A couple of evenings ago I straightened my back, leaned against my hoe handle and surveyed the work I had done.  Two new rows of okra, the ultimate Southern Vegetable, a couple of double rows of field peas and one double row of green beans.  Feeling as satisfied as a dog with two tails, I threw a glance at the pick-up truck traveling down the road and noticed that the headlights were on.  As a matter of fact, the lightning bugs were flash-dancing in bushes and trees that surround my garden.  Still propped up by the hoe, catching my breath, I took in the field where my garden lives year after year.  That field had gone from cotton to corn, to cattle and back to corn in the last 150 years and there had always been one of my family working it. Because of the good-hearted help from my family it would be worked again. There had been some strong doubts about my putting in the garden this year.  What with wild and crazy weather conditions, droughts and my over-loaded schedule,  there didn’t seem to be a good reason to put myself through the physical workout a good garden requires.  After all here it was, already June, well into the year. I would have a few tomatoes, peppers and some onions, a salsa garden and let the rest slide.  After right at 40 years of feeding myself and others, I would back off and pay no mind to the rainfall amounts, grasshoppers, and a deep freezer with an echo inside.  It was too late.

Only a week before I had asked a young cousin to clear out my old Winter garden, do away with the ratty kale, old wooden knobs of turnips, mustard greens that would light up your mouth like a blow torch.  Here it was, first of June and I had fine patch of red clay, suitable for brick-making and laying empty under the Sun.  Around and about volunteer zinnias, poppies and watermelons had sprouted and were making the best of it, unloved and uncared for.  The tomatoes and peppers were standing bravely by their supports ready and willing to get down to business if I would only show some interest.  I moped about, kicking a clod or two, trying to ignore  feelings that were not at all common to me;  guilt and remorse.  Guilt that I had let this splendid stretch of soil sit neglected, remorse that I had not only turned down the generous offer of having it tilled but had stared into the face of the Future and said, “Ha!  If I don’t have bread I’ll just eat cake!”   Just paraphrasing a famous lady who understandably came to a very sorry end.  It was too late.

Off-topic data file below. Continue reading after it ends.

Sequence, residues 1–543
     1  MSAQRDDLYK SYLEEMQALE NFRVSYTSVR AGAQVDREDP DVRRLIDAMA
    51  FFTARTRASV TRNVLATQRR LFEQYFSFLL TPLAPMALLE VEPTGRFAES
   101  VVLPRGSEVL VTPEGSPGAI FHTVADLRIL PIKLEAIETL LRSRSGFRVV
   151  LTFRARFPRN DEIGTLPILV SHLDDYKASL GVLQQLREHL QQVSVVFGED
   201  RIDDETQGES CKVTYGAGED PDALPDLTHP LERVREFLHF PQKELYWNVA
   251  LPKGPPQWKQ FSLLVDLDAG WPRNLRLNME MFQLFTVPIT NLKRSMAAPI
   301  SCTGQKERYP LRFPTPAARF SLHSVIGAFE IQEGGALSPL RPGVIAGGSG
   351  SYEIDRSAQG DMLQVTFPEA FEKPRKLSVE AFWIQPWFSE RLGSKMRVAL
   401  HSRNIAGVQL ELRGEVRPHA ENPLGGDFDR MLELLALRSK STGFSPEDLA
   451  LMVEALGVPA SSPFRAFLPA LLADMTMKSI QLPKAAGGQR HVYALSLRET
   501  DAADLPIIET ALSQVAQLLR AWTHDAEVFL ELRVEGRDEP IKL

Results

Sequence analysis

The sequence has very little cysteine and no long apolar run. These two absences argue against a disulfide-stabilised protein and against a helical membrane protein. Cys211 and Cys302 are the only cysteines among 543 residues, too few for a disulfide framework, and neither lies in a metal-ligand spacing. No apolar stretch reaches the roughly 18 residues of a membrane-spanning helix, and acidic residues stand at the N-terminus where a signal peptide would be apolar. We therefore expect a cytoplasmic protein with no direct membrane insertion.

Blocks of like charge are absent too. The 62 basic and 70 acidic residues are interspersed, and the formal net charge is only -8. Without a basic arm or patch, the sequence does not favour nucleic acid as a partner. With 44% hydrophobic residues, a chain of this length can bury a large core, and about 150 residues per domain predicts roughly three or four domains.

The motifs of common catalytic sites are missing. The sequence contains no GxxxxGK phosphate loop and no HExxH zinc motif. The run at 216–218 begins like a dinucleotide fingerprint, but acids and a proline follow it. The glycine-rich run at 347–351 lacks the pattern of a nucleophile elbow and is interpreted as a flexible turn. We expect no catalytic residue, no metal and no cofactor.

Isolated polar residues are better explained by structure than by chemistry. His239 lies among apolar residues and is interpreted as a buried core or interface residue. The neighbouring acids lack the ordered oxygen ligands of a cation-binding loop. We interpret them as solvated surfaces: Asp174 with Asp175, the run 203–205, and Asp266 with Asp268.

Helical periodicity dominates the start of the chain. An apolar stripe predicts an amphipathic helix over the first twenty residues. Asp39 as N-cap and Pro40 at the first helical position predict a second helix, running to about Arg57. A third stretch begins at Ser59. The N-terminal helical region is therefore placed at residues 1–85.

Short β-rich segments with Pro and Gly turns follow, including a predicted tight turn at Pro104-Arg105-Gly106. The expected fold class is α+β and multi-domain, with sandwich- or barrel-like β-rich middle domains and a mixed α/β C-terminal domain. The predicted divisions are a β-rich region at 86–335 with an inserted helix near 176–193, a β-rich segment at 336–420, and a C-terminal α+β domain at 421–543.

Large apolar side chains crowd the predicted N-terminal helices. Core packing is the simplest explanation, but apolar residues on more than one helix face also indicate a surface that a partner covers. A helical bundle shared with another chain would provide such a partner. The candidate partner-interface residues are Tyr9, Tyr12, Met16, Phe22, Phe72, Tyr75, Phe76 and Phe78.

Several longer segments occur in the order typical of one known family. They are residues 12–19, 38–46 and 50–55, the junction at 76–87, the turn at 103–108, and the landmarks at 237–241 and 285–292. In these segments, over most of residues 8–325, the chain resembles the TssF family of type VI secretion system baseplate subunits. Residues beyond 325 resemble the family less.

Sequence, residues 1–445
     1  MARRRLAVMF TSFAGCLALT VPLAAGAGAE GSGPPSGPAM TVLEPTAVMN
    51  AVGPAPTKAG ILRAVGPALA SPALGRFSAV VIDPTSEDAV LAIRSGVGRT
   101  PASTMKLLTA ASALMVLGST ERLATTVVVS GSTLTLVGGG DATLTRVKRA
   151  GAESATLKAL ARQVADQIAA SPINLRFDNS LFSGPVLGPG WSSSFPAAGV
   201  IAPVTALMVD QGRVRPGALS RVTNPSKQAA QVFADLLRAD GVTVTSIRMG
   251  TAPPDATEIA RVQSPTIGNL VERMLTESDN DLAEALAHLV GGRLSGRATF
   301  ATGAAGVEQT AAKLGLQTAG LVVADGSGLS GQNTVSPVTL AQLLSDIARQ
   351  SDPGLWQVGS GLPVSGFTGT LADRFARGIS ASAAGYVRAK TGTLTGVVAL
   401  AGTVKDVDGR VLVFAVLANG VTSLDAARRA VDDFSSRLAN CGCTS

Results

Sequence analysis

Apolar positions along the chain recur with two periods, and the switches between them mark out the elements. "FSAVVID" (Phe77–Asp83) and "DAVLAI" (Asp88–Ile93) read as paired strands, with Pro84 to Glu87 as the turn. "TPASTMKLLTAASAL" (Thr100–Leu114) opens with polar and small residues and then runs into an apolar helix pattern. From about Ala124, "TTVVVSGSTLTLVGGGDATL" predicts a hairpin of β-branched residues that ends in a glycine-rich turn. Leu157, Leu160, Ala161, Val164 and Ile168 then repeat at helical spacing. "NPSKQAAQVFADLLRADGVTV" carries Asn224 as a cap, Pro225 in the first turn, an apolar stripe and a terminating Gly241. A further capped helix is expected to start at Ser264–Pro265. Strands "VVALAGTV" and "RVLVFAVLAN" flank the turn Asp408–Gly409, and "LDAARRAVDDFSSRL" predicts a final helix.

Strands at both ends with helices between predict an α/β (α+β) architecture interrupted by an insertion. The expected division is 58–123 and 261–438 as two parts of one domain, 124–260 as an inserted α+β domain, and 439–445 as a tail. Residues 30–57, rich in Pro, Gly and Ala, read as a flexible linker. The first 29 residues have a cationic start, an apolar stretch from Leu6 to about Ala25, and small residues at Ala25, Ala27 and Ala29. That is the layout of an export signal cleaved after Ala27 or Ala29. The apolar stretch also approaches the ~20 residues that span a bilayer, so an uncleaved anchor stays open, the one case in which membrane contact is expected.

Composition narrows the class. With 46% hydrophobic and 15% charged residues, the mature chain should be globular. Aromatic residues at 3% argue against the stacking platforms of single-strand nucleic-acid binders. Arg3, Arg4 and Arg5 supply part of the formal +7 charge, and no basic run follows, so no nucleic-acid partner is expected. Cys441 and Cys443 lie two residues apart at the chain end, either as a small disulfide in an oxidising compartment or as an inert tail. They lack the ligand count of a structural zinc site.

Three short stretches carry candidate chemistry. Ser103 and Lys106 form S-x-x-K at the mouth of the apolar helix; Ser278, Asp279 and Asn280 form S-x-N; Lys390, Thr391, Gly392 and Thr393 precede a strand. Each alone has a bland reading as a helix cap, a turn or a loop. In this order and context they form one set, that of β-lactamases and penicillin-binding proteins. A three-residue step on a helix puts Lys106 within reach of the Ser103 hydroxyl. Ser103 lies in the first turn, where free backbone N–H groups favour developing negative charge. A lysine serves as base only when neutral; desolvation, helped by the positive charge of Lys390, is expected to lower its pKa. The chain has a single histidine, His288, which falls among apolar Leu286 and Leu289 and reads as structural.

Friday morning as I readied myself for a trip into town, a doctor’s appointment, I heard in the background a sound I knew well.  The sound of a roto-tiller tearing up the ground in some industrious soul’s vegetable patch.  This was not surprising, I live surrounded by family who have the good sense to get out in the Spring and put their well-thought out plans into action, laying out rows to plant seeds of corn, beans, squash and cucumber and settle tiny tomato and pepper plants into the receptive soil.  They all had fine stands of early planted food stuffs, flourishing under the watchful eyes of their caretakers, moving closer to the anticipated days of gathering and preserving for the year ahead.  I felt very much like the fiddling grasshopper laughing at the toil of the ants. Really?  I felt envy.   It was too late.

Locking the front door I spied movement beyond the trees lining my driveway, moving closer I could see a wide strip of plowed earth.  In my garden!   Somebody was tilling my garden!  Oh, my word!  Running across the distance that separates the house and garden site, I could make out my big cousin, Mike, working steadily down the length of a row, handling that tiller like he was walking a dog.  It only took a second to see that he had been at for most of the morning.  This was not Mike’s first rodeo, he’s wrangled tillers before, he’s tilled my place nearly every single year, simply out of the goodness of his heart.  As for my heart, it nearly exploded with joy and gratitude, I had turned him down once and yet he must have realized that empty ground was wearing at my gardener’s soul.  I grabbed him, hugged the breath out of him and asked, ” Why!?”  He shrugged, shook his head and replied, ” Well, I just figured you’d be wanting it.”   I could have cried, so happy for this gift of time and effort, but no way was I going to embarrass him and possibly cause him to stop.  After I explained that I was on a time sensitive errand and couldn’t stay to help,  I shot off to town, did my stuff and was back by lunch time.  By dinner time I had laid out raised beds and marked my rows for planting.  By night fall the next day I had as good a garden as I could have wished for, courtesy of one exceptional cousin, who decided to go ahead and till up that garden anyway. I have the kind of family who doesn’t have to be asked, they see a need and undertake to fill it. As they say Blood will tell, blood is thicker than red clay. And of course, it never really is too late, a Southern garden late is so much better than no garden at all.